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Practical Tips for Winter Refinish Work
Experienced refinishers know the problem: as winter approaches and temperatures drop, refinish preparation work needs to be adapted accordingly. Lower temperatures can render clear coats and hardeners more viscous, making them much harder to work with. So how can you best prepare your paint room for the cooler season?
20°C is ideal
Temperature plays a critical role in many chemical processes and refinishing is no exception. That’s why refinishers need to pay particular attention to it in cold winter months.
“Axalta products are pretty robust and up to a point, they are quite forgiving of environments that are not ideal. Nonetheless, bodyshops should ensure certain minimal conditions are met to make sure they achieve professional results, even in winter,” says Paul Polverino, National Training Manager.
“When storing or working with VOC compliant clear coats, temperatures should not be allowed to drop below 20°C. This simple precaution can ensure optimal viscosity and spray-ability. It is imperative that water-based products be protected against frost.”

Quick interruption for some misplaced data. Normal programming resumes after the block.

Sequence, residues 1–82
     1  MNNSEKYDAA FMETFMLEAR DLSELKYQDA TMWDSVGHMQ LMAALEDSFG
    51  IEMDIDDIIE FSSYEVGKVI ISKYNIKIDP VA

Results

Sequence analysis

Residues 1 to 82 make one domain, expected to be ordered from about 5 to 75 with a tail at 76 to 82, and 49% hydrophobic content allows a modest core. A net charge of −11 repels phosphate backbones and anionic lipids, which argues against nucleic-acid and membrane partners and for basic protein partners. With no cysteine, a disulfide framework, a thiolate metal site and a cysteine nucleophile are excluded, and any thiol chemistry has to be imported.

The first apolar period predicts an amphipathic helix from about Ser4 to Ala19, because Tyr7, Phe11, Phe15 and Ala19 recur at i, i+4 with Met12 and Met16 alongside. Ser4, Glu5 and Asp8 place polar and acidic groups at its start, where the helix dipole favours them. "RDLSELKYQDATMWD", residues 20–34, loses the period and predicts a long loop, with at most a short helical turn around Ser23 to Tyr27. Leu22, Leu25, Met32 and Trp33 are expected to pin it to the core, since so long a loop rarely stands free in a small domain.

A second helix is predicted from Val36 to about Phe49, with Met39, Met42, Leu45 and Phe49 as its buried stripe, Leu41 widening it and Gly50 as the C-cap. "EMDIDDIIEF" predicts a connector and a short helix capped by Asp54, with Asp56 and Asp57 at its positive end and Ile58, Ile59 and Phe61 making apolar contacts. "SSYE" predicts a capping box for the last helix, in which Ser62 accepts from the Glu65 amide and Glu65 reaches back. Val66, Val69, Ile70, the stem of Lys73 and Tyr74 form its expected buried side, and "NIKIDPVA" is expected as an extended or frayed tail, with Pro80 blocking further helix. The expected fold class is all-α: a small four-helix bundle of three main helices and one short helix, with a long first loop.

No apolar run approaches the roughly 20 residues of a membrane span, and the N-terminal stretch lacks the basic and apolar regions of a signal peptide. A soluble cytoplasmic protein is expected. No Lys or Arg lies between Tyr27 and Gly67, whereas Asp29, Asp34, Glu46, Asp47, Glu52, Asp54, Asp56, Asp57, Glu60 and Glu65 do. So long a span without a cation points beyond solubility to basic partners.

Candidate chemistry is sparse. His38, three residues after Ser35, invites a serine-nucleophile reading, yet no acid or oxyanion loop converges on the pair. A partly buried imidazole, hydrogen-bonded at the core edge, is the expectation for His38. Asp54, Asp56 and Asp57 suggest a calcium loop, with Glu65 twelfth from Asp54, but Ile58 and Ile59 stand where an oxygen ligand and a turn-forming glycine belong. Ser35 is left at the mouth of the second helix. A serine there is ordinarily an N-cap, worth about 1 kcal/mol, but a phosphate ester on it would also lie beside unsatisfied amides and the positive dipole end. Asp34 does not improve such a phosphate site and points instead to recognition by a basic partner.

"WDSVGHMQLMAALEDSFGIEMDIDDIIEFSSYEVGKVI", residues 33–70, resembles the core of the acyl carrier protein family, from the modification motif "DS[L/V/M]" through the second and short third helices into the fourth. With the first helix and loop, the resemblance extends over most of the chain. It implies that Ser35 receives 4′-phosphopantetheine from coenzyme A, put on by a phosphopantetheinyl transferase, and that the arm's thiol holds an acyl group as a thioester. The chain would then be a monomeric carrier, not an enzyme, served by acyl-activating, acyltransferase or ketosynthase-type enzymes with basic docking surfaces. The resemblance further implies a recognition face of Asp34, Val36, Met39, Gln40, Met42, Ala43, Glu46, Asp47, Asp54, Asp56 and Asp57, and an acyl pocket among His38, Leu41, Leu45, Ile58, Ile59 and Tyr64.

Don’t over-dilute cold paint
“If a paint product seems thicker than usual during mixing, check its temperature and viscosity. In most cases, the problem is usually that the paint is simply too cold,” says Paul Polverino.
Additional diluting of the product with extra thinner is not the optimal solution. The materials about to be used should be at a room temperature of at least 20°C. Climate controlled paint mix and storage rooms can be well worth the effort in colder areas.
Bring vehicles into the heated spray booth
Temperature is not only relevant for paint products and components, but also for car bodies, which should not be allowed to get too cold. If they do, a fine moisture film can develop on the surface as the vehicle warms up. This can create problems with the flow, surface wetting and adhesion of the fresh paint and can lead to long-term defects, such as blistering.
“This kind of moisture layer can make a superior result almost impossible to achieve. Allow the vehicle to stand in the heated spray booth for some time before starting work,” says Paul Polverino.
Don’t “over-compensate” with a high spraying temperature
Just because it’s cold outside, that doesn’t mean we have to reach for the fastest hardener available. If your spray booth is running between 20-25°C and has a quality bake cycle reaching recommended metal temperatures, then conditions are normal (inside the booth). Therefore, your hardener and thinner choice should be selected based on the size of job and your spray booths conditions. Note that problems can occur if spraying is carried out in higher temperatures, particularly if combined with the wrong hardener choice.